Generally the rules work after the usual post publication editing but contain the customary clanger. Surprisingly the shock rules from White Eagle Eastwards turn up nearly unchanged, they did not make a lot of sense there either. Combat is determined by standard odds but the die can be adjusted by +2 if the attacker has a higher shock rating, -1 if the defender. Shock ratings are based on the cadre rating of infantry and staff ratings of HQs. Preferring good odds, attackers will heavily outnumber defenders in combat factors and ,without even trying, in shock factors. In effect if an attacker achieves good odds he will almost always gain the shock bonus. If the bonus applies in every combat it should be factored into the CRT. Players can decline to use the shock bonus with a benefit of suffering less disruptions on a die roll. This option raises the problem of who charges 1st or should charging be secret. In an open declaration the attacker will charge just enough units to get the bonus but no more. I fixed this muddle by banning charges. Cadre ratings are still used in recruiting units and in recovery from disruption so the space taken up on the counters is not wasted. Combat sometimes brings about spectacular routs, more often it will leave parts of both sides disrupted. The side that can recover quickest from disruption can withstand combat better, high cadre units pay off.

 

2 scenarios are provided, one for each of the conflicts that preceded World War I. It is not possible to simulate the Great War although this conflict in the Balkans could be termed the 3rd Balkan War. The 1st Balkan War holds few surprises, the Ottoman Empire gets carved up by its neighbours. Ottoman strategy hinges around keeping the Turkish lands in Thrace as large as possible while holding onto scattered garrisons in the West and hoping for an armistice.

 

Hidden behind this scenario lies the 2nd War which is a cracker of a situation. In the 1st War units are placed in fixed hexes but the 2nd is a free set up within national borders. Bulgaria faces Greece, Serbia and Montenegro (the largest Montenegran order of battle in any game I've seen). Mountains divide Serbia into North and South. Bulgaria sets up 2nd so can choose to attack either side of the mountains, concentrate on Greece or hedge its bets. Too many troops committed to one part of Serbia may allow Serbia to invade Bulgaria from other regions. The Greek army is barely strong enough to maintain a defense let alone attack. The Montenegran army will always race to the rescue of its allies, unfortunately the mountains of Montenegro prevent part of its army from ever leaving home without invading Albania (unthinkable). The Bulgarian army is large but will be stretched to attack in more than 1 area plus maintain a screen to guard against Romanian or Ottoman invasion. These invasions have a 1 in 18 chance of occurring each game turn but the later that they take place each game the less chance of any significant losses before the last turn. This last turn is fixed allowing the Bulgarian to calculate what risks to take when shuffling forces between attack and defense. This problem can be fixed by settling game end by compulsory diplomatic conflict on the last turn plus at the beginning of every following (new) turn. Victory is only gained for occupying hexes with units. In both scenarios any advancing force will have to judge how many units to transfer from combat to occupation.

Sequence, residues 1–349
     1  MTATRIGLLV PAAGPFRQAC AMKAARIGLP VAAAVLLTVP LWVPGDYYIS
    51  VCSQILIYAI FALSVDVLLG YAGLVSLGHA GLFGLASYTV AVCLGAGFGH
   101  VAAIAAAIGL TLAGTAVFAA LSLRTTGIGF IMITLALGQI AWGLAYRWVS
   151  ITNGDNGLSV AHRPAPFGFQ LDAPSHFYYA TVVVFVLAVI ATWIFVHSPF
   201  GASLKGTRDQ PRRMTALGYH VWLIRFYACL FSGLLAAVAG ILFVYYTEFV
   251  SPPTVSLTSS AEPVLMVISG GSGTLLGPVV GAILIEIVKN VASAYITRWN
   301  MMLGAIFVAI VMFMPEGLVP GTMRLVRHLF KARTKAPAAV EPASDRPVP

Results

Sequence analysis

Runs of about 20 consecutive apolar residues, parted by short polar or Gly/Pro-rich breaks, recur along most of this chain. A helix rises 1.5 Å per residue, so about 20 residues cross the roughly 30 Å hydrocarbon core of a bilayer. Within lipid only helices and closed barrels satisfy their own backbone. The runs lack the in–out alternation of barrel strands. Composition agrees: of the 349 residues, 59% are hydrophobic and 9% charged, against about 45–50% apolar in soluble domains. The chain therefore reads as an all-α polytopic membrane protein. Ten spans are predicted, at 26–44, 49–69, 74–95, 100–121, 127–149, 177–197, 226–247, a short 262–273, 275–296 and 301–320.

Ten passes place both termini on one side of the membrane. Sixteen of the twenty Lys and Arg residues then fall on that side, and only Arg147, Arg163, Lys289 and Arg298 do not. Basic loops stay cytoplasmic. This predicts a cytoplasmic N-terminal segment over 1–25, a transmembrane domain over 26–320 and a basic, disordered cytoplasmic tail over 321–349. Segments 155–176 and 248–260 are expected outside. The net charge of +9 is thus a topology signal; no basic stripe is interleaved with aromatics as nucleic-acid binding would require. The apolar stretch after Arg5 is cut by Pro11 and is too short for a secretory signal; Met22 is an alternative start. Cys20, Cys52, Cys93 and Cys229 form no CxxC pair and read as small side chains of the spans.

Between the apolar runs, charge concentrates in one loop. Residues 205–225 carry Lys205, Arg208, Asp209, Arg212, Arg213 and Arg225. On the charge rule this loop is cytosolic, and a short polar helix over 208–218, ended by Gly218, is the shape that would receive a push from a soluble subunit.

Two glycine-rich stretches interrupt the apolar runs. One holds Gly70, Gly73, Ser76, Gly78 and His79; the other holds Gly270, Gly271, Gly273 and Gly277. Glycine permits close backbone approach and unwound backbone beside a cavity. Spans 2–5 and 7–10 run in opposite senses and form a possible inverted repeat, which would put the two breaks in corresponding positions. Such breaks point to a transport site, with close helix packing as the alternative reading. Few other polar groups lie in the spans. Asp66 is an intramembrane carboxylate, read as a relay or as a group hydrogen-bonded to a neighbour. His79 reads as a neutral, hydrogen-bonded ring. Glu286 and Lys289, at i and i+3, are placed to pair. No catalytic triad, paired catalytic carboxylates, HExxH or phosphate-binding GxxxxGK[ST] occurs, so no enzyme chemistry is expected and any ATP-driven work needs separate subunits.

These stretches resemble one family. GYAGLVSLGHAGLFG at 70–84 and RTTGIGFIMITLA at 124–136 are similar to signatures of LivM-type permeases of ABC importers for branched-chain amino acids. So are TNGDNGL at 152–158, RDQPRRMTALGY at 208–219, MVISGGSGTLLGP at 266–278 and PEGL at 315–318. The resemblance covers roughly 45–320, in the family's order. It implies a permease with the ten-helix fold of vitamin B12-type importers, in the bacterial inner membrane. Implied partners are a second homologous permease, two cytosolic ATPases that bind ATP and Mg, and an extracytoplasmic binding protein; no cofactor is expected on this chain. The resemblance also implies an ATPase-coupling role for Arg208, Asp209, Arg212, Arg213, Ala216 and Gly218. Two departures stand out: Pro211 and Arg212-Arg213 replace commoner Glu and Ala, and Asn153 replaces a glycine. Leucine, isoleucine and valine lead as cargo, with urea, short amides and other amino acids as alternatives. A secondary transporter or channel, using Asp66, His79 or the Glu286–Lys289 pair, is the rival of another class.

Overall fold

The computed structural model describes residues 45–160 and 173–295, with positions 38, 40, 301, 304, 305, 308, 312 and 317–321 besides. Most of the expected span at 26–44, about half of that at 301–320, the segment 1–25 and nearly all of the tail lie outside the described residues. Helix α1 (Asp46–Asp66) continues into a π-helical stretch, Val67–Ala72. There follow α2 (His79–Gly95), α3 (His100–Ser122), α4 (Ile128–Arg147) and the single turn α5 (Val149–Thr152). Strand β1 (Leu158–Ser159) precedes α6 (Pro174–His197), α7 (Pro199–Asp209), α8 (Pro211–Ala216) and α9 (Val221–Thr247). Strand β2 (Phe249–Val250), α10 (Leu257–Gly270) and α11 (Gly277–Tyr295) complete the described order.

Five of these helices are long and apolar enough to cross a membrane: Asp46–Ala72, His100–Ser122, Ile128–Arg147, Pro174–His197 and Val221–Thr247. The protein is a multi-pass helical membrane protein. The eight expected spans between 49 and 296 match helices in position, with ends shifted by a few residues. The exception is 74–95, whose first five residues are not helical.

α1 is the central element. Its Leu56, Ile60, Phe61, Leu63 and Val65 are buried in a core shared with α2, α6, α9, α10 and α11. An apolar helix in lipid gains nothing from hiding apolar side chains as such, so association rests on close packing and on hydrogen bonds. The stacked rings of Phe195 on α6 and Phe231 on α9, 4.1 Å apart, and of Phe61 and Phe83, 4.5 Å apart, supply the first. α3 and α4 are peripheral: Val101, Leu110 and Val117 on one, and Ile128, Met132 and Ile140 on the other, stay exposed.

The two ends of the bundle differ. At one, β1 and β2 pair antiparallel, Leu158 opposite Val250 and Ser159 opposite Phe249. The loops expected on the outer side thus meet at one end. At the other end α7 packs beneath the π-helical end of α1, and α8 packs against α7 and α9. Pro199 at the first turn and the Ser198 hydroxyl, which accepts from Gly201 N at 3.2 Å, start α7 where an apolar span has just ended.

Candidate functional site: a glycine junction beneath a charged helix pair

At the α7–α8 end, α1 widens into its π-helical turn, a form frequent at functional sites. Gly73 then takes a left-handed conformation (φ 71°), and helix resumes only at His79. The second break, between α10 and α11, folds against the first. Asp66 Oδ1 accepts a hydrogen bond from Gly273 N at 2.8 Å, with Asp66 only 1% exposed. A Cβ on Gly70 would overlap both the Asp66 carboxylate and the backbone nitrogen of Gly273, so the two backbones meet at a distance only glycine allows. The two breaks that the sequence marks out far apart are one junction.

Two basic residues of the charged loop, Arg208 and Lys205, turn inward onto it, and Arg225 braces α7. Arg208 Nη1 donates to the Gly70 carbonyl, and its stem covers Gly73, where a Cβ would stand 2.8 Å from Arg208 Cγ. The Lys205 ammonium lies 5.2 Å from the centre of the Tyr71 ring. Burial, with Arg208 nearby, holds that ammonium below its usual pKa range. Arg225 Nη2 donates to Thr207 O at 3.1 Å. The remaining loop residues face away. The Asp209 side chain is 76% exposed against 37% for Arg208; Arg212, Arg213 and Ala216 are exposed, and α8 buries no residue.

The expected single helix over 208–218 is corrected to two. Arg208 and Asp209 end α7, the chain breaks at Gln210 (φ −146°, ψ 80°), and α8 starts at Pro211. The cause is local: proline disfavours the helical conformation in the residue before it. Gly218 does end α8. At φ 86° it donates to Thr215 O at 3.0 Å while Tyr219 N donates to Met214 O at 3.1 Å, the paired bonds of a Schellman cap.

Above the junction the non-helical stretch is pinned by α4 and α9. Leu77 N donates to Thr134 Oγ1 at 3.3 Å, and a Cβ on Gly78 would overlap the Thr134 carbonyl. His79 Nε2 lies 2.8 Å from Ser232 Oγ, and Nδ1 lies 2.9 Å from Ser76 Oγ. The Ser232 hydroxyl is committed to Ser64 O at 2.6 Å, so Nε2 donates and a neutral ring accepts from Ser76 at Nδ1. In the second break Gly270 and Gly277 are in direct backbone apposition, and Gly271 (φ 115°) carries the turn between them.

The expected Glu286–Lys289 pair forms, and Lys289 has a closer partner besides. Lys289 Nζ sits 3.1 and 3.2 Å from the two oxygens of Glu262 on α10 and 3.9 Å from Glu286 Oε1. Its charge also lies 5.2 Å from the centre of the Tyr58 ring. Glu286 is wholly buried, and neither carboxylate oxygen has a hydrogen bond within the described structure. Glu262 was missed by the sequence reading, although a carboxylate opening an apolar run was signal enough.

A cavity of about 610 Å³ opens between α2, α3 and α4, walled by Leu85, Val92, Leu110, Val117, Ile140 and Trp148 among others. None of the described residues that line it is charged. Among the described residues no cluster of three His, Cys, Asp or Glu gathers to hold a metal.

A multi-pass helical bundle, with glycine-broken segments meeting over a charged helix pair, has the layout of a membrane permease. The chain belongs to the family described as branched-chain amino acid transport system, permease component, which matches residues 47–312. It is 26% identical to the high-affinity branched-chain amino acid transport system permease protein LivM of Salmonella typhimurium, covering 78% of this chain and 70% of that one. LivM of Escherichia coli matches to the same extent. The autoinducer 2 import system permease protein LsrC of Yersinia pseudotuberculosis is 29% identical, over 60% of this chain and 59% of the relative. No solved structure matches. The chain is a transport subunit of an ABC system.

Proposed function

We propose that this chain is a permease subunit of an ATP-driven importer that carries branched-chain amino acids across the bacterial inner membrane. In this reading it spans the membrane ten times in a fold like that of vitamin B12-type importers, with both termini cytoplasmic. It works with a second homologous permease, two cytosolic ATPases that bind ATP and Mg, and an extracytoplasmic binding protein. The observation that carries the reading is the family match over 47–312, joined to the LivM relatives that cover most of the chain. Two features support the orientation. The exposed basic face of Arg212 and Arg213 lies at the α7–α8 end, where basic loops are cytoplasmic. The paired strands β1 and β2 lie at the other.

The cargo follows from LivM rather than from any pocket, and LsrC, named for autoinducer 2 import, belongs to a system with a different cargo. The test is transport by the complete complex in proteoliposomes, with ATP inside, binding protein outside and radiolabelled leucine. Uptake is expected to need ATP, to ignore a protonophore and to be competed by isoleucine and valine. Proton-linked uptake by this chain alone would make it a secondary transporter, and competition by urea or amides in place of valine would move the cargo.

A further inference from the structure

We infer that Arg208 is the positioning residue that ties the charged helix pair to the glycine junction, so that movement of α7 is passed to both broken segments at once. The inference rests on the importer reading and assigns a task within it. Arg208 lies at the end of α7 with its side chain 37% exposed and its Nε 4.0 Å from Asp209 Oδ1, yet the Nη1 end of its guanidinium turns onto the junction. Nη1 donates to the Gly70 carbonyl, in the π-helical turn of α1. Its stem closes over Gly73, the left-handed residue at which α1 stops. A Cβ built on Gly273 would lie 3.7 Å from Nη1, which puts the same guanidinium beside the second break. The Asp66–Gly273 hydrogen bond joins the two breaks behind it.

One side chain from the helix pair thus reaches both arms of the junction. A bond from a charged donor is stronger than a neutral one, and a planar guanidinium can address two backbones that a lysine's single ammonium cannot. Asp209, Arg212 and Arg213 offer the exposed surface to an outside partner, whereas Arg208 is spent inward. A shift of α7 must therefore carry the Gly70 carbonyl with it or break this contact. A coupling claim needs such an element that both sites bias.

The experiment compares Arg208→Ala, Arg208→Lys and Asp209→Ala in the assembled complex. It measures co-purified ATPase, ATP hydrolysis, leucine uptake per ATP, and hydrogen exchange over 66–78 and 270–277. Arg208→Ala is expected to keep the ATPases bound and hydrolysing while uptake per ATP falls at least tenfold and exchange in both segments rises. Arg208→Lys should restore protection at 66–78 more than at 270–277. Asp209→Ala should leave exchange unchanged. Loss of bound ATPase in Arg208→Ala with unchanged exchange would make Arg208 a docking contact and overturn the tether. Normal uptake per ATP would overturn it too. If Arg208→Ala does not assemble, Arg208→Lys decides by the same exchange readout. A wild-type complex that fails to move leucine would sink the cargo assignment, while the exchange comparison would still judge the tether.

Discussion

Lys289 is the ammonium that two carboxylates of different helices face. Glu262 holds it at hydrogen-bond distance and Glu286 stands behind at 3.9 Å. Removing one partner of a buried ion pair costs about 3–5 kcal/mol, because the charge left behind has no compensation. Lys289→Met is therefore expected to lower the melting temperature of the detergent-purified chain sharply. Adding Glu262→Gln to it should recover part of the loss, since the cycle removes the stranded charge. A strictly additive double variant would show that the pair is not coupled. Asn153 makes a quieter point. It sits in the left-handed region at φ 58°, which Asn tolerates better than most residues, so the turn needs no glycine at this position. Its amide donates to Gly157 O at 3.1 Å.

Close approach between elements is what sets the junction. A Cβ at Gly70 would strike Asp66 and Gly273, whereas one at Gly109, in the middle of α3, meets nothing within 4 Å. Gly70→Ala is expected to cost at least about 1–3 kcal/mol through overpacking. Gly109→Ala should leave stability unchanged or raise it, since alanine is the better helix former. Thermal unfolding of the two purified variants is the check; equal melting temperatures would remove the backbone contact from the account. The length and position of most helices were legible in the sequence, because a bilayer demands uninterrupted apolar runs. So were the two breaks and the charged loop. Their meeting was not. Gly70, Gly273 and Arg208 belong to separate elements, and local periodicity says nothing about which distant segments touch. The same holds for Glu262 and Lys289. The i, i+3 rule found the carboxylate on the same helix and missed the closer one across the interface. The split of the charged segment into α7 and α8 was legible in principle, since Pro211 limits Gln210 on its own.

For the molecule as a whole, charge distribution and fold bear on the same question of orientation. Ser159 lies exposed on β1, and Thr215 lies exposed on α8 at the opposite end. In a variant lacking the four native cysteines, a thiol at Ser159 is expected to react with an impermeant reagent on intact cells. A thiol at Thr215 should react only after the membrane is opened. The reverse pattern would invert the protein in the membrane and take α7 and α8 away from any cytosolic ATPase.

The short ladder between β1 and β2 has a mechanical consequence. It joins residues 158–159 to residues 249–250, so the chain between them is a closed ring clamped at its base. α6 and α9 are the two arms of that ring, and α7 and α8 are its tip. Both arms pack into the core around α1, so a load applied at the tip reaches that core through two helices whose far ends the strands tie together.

The above makes for plenty of game variety but naturally has a few drawbacks. Note that the chance of Romanian or Ottoman entry is fixed and does not depend on the progress of the war. Either country will invade regardless of how well its future allies are doing. Both countries were probably prompted to join the war when Bulgarian attacks turned into retreats. This can be simulated by changing certain random events which are otherwise treated as no event in scenario 2.

 

31, 32. If neither Salonika, Belgrade or Skopje are Bulgarian controlled and the Balkan league controls more towns within 1913 Bulgaria that Bulgaria controls outside it's borders; Romania intervenes against Bulgaria.

 

33. If Romania has already entered the war; Ottoman Empire joins the Balkan League.

 

34, 35. If the conditions listed in 31/32 apply, Ottoman Empire joins the Balkan League.